Now that they’re land owners in Podunk (and maybe one day taxpayers!), the Chinese government is keeping a closer eye on its investment. Prince Rupert was host to a delegation from the Chinese consulate in Vancouver last week. They toured the city, explored the museums, looked at our port project and immersed themselves in the culture of the city.
They also spent some quality time with our local politicians, learning of our ways, our dreams and our immediate needs. Something to do with employment I believe was the underlying theme of our side of the conversation. From the pulp mill to the port, partnership was the word of the day. And while the Vancouver office doesn’t set the timeline on the mill, the Consular staff now apparently has a better idea about the mill’s importance to the economic life of the city.
The Daily News provides a recap of the visit, what they learned and what they said, and perhaps reading between the lines what they will report back to the head office!
CHINESE OFFICIALS IN TOWN TO FORGE LINKS
By Sarah Fox
The Daily News
Monday, August 14, 2006
China’s Consul General Chynyan Tiam, who is based in Vancouver, was in Prince Rupert August 9 to 11 to meet the local councils and industry experts about further connecting China and Prince Rupert’s economy.
Consul Tian’s entourage consisted of Juan Weim Consul of the People’s Republic of China, department of commerce: Julie Liu, Vice-Chairperson of the Chinese Business Development Association and the Vice-Chairperson of the Canada-china Business Women’s Association and Weiwei Qui, Public Relations Consul for the Vancouver Consulate.
“They been getting reports and hearing about development of the Prince Rupert port and Prince Rupert economy in general and wanted to come up and have a look for themselves and become more fully acquainted with what is happening, because they want to be able to assist us in making connections with Chinese business in China and they also want to be able to guide Chinese entrepreneurs and Chinese people to this expanding opportunity,” said Mayor Herb Pond who had the chance to meet with the Consul and her entourage extensively.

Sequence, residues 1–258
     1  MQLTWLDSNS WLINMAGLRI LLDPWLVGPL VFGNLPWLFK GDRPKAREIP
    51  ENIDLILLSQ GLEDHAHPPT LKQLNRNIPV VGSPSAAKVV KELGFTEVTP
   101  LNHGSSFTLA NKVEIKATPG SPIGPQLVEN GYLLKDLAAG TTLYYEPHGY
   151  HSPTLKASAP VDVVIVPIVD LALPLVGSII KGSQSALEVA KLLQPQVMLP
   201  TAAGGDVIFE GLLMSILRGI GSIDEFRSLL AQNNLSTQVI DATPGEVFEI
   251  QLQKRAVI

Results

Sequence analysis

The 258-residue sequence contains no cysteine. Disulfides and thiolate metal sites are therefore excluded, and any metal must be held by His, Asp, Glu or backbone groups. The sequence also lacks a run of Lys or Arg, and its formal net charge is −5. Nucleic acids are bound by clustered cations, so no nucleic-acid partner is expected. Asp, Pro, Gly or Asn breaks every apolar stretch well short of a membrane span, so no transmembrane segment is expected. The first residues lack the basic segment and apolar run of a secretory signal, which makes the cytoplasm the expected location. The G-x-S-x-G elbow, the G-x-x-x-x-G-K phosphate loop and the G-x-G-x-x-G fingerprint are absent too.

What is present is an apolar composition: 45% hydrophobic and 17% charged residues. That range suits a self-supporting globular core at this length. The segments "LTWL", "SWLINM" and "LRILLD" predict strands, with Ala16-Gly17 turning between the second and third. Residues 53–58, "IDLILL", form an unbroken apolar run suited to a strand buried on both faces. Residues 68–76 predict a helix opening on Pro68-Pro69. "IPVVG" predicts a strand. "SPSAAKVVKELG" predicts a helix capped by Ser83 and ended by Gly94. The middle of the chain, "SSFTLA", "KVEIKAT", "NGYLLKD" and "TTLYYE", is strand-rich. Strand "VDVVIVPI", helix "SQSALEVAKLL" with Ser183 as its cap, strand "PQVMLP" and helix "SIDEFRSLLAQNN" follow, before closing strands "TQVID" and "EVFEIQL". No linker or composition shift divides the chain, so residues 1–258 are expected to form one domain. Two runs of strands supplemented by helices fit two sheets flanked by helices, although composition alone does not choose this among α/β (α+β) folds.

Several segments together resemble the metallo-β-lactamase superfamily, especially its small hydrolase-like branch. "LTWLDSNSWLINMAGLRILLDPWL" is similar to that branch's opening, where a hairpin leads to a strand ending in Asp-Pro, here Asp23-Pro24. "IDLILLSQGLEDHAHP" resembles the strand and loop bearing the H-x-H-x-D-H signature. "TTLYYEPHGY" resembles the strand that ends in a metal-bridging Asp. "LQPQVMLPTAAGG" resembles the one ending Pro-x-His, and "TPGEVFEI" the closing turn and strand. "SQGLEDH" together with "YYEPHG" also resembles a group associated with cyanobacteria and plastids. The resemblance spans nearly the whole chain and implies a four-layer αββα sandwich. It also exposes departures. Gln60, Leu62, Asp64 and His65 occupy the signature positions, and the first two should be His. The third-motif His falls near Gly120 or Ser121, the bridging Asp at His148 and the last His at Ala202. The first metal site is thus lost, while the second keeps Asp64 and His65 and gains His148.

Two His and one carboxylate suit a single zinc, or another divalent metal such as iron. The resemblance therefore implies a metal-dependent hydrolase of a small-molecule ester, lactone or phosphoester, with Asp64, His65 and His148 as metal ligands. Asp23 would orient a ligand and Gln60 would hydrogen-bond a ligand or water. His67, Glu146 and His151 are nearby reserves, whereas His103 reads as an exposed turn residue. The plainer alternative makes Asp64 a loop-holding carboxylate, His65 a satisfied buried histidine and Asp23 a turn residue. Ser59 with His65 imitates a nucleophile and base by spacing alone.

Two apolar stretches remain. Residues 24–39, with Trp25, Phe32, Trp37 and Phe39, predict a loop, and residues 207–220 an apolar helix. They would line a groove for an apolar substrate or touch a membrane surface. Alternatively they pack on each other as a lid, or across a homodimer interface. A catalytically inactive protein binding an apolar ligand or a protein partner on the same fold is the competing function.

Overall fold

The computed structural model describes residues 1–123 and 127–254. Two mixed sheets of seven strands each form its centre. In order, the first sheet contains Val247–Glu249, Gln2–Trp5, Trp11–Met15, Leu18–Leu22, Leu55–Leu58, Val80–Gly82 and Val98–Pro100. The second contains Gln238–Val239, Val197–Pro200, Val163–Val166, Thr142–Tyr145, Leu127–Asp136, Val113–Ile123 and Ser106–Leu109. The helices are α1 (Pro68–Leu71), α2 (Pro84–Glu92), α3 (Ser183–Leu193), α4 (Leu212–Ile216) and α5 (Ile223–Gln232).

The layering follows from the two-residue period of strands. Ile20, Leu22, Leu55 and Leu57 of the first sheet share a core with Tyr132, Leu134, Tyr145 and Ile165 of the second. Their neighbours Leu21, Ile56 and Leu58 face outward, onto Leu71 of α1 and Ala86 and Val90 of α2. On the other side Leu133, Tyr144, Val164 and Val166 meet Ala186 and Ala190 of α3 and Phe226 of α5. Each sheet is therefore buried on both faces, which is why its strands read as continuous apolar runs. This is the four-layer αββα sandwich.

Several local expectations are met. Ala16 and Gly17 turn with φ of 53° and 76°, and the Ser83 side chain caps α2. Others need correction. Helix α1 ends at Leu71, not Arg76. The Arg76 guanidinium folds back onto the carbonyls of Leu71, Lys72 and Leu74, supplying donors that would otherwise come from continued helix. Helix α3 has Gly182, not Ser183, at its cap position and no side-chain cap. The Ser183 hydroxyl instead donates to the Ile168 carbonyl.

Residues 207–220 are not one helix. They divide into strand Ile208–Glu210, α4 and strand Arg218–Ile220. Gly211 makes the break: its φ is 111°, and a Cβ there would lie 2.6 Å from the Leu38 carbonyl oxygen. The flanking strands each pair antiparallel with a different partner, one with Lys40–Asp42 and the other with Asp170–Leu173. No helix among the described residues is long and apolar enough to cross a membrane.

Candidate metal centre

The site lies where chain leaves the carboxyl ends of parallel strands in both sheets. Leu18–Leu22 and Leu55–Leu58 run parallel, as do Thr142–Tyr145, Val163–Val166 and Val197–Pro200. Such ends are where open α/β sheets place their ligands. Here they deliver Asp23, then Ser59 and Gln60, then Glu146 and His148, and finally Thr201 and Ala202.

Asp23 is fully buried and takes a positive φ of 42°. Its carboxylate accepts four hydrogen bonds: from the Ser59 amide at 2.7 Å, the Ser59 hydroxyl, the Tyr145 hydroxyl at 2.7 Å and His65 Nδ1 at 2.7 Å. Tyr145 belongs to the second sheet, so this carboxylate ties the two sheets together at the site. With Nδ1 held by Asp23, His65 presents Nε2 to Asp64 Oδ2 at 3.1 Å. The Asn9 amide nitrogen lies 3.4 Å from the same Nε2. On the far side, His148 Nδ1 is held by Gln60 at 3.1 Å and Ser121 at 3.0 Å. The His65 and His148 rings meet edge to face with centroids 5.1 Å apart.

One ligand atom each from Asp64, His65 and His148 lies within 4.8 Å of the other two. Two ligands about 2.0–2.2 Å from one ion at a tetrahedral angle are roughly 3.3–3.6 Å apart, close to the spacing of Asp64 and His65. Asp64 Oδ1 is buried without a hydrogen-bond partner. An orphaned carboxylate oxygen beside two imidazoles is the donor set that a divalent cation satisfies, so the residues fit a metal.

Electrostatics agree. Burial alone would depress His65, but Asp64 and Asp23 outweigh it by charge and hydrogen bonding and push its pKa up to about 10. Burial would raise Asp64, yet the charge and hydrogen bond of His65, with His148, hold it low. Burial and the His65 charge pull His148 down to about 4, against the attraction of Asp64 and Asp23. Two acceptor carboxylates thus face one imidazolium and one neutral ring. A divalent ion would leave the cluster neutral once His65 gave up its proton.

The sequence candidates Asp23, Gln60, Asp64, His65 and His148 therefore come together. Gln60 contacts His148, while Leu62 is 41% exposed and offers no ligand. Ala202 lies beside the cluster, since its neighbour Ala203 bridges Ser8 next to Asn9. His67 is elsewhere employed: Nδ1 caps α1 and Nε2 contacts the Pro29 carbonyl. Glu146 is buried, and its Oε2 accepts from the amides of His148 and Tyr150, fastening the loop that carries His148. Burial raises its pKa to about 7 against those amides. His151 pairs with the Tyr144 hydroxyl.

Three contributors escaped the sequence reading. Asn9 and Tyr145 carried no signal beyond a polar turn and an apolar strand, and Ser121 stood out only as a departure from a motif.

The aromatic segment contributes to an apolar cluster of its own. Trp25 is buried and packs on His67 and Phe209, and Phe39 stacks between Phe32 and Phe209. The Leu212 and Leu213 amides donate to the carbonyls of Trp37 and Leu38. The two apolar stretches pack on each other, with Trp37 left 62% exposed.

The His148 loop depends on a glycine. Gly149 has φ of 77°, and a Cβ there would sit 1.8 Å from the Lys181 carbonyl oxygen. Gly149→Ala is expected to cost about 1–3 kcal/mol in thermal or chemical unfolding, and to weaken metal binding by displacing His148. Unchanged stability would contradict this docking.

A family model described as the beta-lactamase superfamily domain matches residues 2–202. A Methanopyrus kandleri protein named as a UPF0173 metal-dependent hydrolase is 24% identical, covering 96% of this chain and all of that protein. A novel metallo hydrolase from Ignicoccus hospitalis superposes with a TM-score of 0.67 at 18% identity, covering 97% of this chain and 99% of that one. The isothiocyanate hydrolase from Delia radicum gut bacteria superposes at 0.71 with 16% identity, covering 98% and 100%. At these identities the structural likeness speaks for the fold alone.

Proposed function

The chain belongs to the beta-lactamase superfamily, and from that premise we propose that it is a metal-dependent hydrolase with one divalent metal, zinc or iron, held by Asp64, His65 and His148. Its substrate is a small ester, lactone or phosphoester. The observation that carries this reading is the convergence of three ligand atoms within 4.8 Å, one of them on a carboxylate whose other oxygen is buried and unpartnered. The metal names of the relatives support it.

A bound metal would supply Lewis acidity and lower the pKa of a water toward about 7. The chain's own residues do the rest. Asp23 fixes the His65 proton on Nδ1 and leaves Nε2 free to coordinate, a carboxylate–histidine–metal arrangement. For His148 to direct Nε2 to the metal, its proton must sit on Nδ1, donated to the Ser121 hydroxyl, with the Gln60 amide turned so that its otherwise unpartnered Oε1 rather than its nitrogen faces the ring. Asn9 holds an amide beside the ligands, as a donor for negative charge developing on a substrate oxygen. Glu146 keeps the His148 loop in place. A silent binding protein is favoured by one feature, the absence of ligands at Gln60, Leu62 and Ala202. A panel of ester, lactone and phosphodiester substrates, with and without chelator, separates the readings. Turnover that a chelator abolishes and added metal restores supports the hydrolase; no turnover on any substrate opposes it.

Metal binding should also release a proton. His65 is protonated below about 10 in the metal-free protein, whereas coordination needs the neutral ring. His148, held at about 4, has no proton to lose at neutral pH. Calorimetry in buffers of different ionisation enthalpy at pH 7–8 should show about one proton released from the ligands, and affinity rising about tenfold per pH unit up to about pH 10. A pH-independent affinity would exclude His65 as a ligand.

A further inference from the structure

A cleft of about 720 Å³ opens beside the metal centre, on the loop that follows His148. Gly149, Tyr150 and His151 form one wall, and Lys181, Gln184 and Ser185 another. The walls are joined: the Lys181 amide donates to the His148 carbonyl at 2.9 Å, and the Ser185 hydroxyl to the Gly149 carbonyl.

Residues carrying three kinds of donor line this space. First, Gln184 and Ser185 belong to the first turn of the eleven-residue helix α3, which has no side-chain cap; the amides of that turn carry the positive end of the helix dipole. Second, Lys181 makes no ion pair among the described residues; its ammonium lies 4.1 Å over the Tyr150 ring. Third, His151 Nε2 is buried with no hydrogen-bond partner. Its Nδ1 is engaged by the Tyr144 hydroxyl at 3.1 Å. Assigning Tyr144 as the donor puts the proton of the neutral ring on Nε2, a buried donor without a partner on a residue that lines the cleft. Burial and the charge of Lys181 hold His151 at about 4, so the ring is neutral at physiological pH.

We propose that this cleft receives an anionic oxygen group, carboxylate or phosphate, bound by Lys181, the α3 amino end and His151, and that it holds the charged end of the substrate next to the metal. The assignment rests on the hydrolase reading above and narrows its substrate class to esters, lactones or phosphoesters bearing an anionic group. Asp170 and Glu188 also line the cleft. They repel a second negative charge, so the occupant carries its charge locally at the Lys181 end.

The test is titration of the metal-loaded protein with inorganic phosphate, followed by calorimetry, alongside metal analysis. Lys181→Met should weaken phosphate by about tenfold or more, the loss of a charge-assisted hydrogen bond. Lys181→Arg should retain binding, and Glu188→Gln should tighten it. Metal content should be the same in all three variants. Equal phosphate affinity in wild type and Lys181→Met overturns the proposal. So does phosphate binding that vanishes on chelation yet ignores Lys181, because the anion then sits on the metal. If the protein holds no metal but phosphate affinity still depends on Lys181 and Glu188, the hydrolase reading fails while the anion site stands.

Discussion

These meetings were all done under the assumption that business with China is a high priority, with the developing port in Prince Rupert.
While the Chinese were here, they spent some time with the councils of Prince Rupert and Port Edward and toured the city.
They also visited the North Pacific Historic Fishing Village and then spent a good deal of time with the Prince Rupert Port Authority.
After, they met with members of the Chinese community in Prince Rupert.
“One of the things they were trying to gauge is how strong the local Chinese community is because when they are talking to business people about potential business start ups and relocating to Prince Rupert, they want to have some understanding of what kind of cultural support they will have,” said Pond.
The Chinese consulate members were able to talk with Mayor Pond about the recent acquisition of land at Watson Island by Sun Wave Forest Ltd. a division of the China Paper Group.
They now have a better understanding of the urgency that the residents of Prince Rupert have to see a start up of the old mill sooner rather than later, although they are ultimately not the decision-making authority, said Pond.
“I think there was a strong coming together between different parties in Prince Rupert and the Chinese counsel and that we have a very strong ally now in our efforts to grow the economy of Prince Rupert,” said Pond.
“As well, we talked about cultural exchanges, so it’s a lot more than just economic, but where we’re at right now the economy tends to dominate. Jobs, that’s what I said to the consular general, we want jobs.”
Pond visited China a year and a half ago and was surprised to see how much industry development is happening there.
“I was overwhelmed by what I saw there,” said Pond.
“The growth rate is staggering and the construction is staggering. The number of container ships and cranes is overwhelming; everything we do in North America seems small in comparison with what’s being done over there right now.”
It’s just a matter of making partnerships and bringing some of that business our way, said Pond.